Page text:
I agree that the 48 hour window could help somewhat. However it doesn’t solve the root issue, which is that most people won’t pay attention to votes until they are very close and their vote could, potentially, tip the scales.

We should be enabling those people to make a difference - not actively blocking them from doing so.

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If you are able to delegate during the voting period without delay, it will be easier to buy a majority. It is still possible to buy a majority before the voting period if you delegate to yourself, it is just harder. In the first case you can adapt the amount of spending during the voting period and thus buying enough with a marginal victory. If you can’t delegate directly you will need to make an estimation to the amount of votes that are necessary, if you want to buy the vote

So, just to flesh out this conversation further:

Consider: say you delegate to one group before an initial proposal, but don’t agree with your delegate’s opinion and signalled intent to vote on a second proposal put forward after voting began but before it concluded for the first?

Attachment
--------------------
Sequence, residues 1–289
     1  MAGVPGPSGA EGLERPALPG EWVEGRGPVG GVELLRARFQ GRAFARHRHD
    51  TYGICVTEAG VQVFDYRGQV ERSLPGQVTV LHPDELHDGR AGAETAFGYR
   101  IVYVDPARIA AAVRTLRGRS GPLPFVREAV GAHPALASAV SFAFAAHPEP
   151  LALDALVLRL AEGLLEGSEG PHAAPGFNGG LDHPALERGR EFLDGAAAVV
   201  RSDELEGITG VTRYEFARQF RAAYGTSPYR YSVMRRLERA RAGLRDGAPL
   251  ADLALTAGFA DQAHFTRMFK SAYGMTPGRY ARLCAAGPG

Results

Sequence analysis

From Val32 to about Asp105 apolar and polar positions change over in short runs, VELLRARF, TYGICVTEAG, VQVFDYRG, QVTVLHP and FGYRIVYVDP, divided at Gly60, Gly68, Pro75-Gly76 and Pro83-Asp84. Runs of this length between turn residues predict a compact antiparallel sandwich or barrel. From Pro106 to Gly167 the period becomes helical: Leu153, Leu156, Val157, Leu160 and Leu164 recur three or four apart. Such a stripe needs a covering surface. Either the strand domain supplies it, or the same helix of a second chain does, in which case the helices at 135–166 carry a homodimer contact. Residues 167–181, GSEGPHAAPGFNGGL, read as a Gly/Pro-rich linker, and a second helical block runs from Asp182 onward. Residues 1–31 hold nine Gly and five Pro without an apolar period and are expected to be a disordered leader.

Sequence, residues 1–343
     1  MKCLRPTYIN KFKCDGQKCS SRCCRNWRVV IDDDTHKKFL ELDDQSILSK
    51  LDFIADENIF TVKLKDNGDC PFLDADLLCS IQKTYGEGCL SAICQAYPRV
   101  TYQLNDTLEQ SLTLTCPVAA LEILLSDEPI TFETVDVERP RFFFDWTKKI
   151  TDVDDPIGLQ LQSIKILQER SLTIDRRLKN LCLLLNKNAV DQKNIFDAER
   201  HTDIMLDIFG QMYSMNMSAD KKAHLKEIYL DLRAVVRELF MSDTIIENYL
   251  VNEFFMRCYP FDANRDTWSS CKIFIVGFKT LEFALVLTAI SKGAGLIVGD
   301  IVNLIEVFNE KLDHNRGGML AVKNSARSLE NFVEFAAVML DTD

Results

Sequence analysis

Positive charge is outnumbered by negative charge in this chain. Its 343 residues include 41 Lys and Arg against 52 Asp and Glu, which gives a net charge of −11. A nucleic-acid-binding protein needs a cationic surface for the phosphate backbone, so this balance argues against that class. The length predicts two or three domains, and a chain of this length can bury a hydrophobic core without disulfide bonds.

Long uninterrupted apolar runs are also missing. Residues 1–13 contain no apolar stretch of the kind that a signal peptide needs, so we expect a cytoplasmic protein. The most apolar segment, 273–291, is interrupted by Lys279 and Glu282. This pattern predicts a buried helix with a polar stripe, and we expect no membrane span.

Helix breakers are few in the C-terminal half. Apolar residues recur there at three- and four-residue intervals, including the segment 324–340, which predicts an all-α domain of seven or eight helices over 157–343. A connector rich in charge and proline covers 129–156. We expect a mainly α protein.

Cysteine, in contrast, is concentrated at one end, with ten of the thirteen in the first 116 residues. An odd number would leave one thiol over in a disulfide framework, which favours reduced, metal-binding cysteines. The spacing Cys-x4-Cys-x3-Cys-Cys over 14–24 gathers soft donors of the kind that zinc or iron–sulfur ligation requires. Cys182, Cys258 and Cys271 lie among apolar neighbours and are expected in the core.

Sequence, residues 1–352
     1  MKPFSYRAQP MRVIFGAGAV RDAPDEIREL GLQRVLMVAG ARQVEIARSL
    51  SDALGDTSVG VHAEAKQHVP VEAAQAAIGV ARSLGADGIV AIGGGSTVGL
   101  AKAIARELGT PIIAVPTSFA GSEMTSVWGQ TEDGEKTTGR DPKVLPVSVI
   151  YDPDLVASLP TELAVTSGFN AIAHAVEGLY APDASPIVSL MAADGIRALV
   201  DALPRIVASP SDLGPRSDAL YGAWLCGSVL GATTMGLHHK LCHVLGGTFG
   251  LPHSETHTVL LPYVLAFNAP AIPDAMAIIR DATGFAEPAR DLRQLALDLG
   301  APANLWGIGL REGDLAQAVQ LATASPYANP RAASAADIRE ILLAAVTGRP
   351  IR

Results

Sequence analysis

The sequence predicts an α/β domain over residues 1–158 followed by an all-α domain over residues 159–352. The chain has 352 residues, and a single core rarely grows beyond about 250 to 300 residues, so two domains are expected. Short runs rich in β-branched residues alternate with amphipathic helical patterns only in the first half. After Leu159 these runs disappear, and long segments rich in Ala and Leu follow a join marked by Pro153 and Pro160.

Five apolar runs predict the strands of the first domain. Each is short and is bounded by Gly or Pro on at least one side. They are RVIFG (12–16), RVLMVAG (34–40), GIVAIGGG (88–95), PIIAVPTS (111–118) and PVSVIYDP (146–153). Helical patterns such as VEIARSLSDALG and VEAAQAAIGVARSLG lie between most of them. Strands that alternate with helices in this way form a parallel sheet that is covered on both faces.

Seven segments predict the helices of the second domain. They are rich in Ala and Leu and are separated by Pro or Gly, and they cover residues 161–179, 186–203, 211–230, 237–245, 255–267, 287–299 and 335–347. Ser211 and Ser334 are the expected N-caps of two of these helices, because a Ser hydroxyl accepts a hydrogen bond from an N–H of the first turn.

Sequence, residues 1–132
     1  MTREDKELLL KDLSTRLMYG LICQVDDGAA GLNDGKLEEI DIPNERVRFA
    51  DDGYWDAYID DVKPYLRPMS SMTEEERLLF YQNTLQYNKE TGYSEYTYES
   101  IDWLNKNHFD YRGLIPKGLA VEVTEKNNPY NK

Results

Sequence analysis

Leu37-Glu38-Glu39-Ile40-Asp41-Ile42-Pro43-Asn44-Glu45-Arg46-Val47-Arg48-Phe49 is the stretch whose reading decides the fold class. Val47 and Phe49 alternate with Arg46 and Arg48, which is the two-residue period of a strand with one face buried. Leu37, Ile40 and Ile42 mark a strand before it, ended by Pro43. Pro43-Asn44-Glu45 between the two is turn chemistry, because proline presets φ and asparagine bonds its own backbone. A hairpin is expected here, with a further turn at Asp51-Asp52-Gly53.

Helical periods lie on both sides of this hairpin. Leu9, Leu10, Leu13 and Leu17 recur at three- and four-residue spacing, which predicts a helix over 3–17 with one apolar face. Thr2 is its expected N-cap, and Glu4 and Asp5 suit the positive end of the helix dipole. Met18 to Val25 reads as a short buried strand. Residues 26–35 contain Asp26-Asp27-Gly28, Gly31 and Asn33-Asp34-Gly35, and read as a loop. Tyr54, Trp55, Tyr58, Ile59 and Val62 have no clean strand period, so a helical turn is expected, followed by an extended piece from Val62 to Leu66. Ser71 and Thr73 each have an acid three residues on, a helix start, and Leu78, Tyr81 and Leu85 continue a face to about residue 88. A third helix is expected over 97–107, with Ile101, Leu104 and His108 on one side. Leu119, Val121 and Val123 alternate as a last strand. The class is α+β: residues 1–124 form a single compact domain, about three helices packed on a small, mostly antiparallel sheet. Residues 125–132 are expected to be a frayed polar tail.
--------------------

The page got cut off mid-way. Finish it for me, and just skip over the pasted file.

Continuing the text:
To preserve voter autonomy, we need to be able to delegate and undelegate if multiple issues are up for a vote at any given time.

If multiple issues can not be put up for a vote simultaneously, we should be considering the risks of miring ourselves into a somewhat plodding governance structure.

There’s a happy medium in here somewhere, I’m just throwing out some knock-on effects of both sides of this. I very much appreciate an eye towards mitigating governance attacks by unfaithful actors–however we move forward with this, that should be at the forefront.

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Do you have any concerns about drawing out the overall time it takes to pass and implement a given proposal? Are there scenarios where (in case of emergency–some sort of unforeseen black swan) we need the ability to cut those extra two days out in the future?

Curious to get an additional perspective.

What is the argument against 1 week or 1 month? Why is there a need to rush governance proposals through?


One thing that pops to mind is a rapid response to an attack on liquidity or governance itself. It seems like governance would want to keep its options open to move relatively quickly against an attack from either outside or within.

Obviously-- 1 minute, 1 day, 1 month, 1 year … etc trends to infinity. We have to strike a balance between: sufficient voter mobilization and discourse; and accomplishing any changes in a timely fashion. Catastrophic events requiring rapid changes with rapid governance approval process.

This is where I see the continuous approval voting process used by Maker being a nice set-up. Much like forking a distributed network, the changes only happen after a certain majority have weighed in.